So do I.  Not only for myself, but I get such a kick out of watching him enjoy the freedom, and I marvel at the sure-footedness of this rescue pound-puppy of ours.  Not that I can say that about myself, mind you.  No, this one carries a walking stick, wears special insoles in trail running shoes (in which I walk, not run), and even then I have to pick carefully through leaves and creek beds, using that opposable thumb to grab and hoist myself up the hills.

Buckley, the barefoot creature without the opposable thumb?  Right.  He leaves me in the dust. 

I have to be especially attentive when crossing a brook.  Picking my way safely can be challenging (it’s part of the fun), and watching for slippery moss on the rocks is imperative.  If I’m not careful, I’m all wet. 

Hold that thought for a sec.

Proverbs chapter ten is largely concerned with my words, which is a pretty good indicator of what’s in my heart.  Here is a running commentary contrasting the attitude (as shown by their words) of the wise person versus the fool.  Just a sampling—

The wise are glad to be instructed,
    but babbling fools fall flat on their faces…

People with integrity walk safely,…

This isn’t just an observation, (Solomon was quite good at that), but more importantly, a warning.  It’s easy to be drawn into a foolish argument; that is, an argument that is void of the primary foundation of wisdom—

“Fear of the Lord is the foundation of wisdom.
    Knowledge of the Holy One results in good judgment.”

Without this, the encounter can become slippery at best, treacherous at worst, causing confusion, rancor, and division (to name a few.)

Here’s another comparison—

The words of the godly are a life-giving fountain;

…but the babbling of a fool invites disaster.

Are my words giving life?  Or are my words making safe passage unattainable?

Or is it a discussion I should even enter into at this place?

When one of these conversations presents itself, the godly participant does well to stand on the shore and survey how to get across safely to the other side.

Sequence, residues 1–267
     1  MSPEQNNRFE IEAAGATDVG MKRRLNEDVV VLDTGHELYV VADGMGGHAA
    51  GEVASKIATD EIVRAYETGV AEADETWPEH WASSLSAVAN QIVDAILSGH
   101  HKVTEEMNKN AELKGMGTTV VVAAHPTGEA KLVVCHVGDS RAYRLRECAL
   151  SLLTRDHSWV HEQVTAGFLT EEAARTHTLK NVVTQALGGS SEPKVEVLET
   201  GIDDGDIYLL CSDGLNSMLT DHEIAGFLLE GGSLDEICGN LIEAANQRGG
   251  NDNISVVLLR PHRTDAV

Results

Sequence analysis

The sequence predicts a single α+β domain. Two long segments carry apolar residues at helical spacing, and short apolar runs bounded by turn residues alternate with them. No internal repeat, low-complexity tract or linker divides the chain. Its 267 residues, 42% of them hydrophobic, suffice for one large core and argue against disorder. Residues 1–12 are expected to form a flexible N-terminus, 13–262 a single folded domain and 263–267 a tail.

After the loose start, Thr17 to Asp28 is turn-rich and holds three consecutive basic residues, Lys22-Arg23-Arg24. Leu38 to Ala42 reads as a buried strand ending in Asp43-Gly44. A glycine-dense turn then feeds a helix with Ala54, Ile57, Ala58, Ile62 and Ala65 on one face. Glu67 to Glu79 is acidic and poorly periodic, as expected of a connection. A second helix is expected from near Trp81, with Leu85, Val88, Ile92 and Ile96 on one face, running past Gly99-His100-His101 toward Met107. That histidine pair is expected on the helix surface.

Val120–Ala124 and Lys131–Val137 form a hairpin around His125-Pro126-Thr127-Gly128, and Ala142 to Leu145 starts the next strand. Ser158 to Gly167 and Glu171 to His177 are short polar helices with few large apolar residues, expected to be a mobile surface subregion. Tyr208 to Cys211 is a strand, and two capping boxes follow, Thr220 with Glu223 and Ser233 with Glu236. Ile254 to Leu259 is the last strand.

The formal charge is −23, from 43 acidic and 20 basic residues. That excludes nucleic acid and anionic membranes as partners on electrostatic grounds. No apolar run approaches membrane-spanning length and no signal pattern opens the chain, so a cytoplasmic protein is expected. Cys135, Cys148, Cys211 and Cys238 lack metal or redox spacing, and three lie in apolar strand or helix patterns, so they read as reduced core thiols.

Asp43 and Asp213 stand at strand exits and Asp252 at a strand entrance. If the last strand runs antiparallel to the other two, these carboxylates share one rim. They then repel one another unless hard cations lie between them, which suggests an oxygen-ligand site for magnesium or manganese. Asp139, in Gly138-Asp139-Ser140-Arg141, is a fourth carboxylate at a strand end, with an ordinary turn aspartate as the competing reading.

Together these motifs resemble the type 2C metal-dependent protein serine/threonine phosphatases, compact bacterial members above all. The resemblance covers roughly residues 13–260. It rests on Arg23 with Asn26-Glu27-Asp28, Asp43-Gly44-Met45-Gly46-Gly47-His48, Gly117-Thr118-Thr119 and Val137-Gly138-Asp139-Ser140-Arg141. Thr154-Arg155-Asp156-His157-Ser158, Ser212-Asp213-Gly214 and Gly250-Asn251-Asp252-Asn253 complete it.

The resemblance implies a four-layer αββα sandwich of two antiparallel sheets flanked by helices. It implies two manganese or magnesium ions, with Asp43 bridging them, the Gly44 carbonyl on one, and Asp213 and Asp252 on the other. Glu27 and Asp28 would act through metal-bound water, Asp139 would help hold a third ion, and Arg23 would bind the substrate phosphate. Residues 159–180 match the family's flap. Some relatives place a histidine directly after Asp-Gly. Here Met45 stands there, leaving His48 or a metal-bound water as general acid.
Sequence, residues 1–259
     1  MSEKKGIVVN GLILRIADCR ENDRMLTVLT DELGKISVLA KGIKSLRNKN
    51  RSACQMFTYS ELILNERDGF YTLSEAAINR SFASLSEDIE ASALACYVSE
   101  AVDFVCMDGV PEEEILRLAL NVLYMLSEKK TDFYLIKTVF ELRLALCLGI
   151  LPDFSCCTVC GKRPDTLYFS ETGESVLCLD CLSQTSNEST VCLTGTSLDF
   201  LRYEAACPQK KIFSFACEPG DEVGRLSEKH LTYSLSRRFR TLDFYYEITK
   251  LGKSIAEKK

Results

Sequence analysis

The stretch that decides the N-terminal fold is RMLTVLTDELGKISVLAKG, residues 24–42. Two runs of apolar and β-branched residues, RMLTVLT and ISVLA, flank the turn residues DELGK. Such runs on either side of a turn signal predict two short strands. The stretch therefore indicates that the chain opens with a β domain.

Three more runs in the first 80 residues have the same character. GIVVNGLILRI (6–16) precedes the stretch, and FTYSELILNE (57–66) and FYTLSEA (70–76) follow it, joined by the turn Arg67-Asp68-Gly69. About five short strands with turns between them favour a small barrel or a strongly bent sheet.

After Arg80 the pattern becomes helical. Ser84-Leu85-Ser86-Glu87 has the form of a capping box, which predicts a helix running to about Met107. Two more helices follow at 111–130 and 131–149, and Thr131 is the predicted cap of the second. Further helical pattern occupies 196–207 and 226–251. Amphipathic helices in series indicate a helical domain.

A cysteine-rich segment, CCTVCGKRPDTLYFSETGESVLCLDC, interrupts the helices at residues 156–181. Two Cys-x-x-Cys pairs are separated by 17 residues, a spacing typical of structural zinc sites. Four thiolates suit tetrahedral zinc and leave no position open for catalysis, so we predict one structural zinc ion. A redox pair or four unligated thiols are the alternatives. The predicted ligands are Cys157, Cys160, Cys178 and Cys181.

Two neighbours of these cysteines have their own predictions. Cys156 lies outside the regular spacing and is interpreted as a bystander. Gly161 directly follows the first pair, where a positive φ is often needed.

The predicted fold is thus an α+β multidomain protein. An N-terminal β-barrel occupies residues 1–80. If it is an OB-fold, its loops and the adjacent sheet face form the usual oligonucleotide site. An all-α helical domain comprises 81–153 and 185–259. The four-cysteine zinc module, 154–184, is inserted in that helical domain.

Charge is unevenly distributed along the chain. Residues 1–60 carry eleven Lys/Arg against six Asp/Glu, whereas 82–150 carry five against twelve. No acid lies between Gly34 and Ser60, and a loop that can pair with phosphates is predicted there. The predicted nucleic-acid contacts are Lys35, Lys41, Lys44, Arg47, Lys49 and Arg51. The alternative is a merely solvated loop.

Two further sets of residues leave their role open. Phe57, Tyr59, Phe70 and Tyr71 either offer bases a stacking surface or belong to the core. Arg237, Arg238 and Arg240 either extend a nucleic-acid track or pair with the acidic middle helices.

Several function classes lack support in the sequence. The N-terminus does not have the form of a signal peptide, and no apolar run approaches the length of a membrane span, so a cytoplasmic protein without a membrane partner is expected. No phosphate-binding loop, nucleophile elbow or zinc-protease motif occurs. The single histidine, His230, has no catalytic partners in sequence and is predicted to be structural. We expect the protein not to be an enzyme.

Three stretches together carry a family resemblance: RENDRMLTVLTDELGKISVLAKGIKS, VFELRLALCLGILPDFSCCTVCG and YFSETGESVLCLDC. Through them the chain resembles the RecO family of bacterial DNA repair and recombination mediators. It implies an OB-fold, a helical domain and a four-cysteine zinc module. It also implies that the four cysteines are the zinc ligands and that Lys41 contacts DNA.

Otherwise, you’re all wet.

Proverbs 10:8,9,11,14; 9:10 Holy Bible, New Living Translation, copyright © 1996, 2004, 2015 by Tyndale House Foundation. Used by permission of Tyndale House Publishers, Inc., Carol Stream, Illinois 60188. All rights reserved.


The Avengers ride again!

admission-2974645_1920I had a hot date last night. 

Actually, it was a little chilly in the restaurant, so Bob (gentleman that he is) had me put on his jacket.  After dinner, we went to our town’s local Century 6 for a quick game of foosball in their arcade room, then entered with several others into the Marvel Universe to watch yet the next installment of the Avengers. 

Yeah, we’re old.  No apologies.

And no spoilers here, so don’t worry if you haven’t seen it, not that I’m recommending it, (because I’m not).  I’m sure there are plenty of critiques flying around anyway so folks can do their own research if so inclined.  As with any of these flicks, there are elements both worthy and otherwise.  The take-away for me might be a little different, however—it seems like even Hollywood admits (whether or not they realize it) that when you set yourself up as God, you end up destroying life instead of giving it.

Thanos is a really bad guy, the quintessential, hyper-super-villain.  He does more than tie the damsel to the railroad tracks; he does it to the whole universe.  It’s a superb perversion of the biblical concept of life from death, since this self-proclaimed protector thinks there are too many beings for the universe to support, so his plan is to kill off about half of us, but randomly, so that it’s “fair”.  This is his divine mission, bringing more life to those who remain. (Naturally, he’s not one of the random.)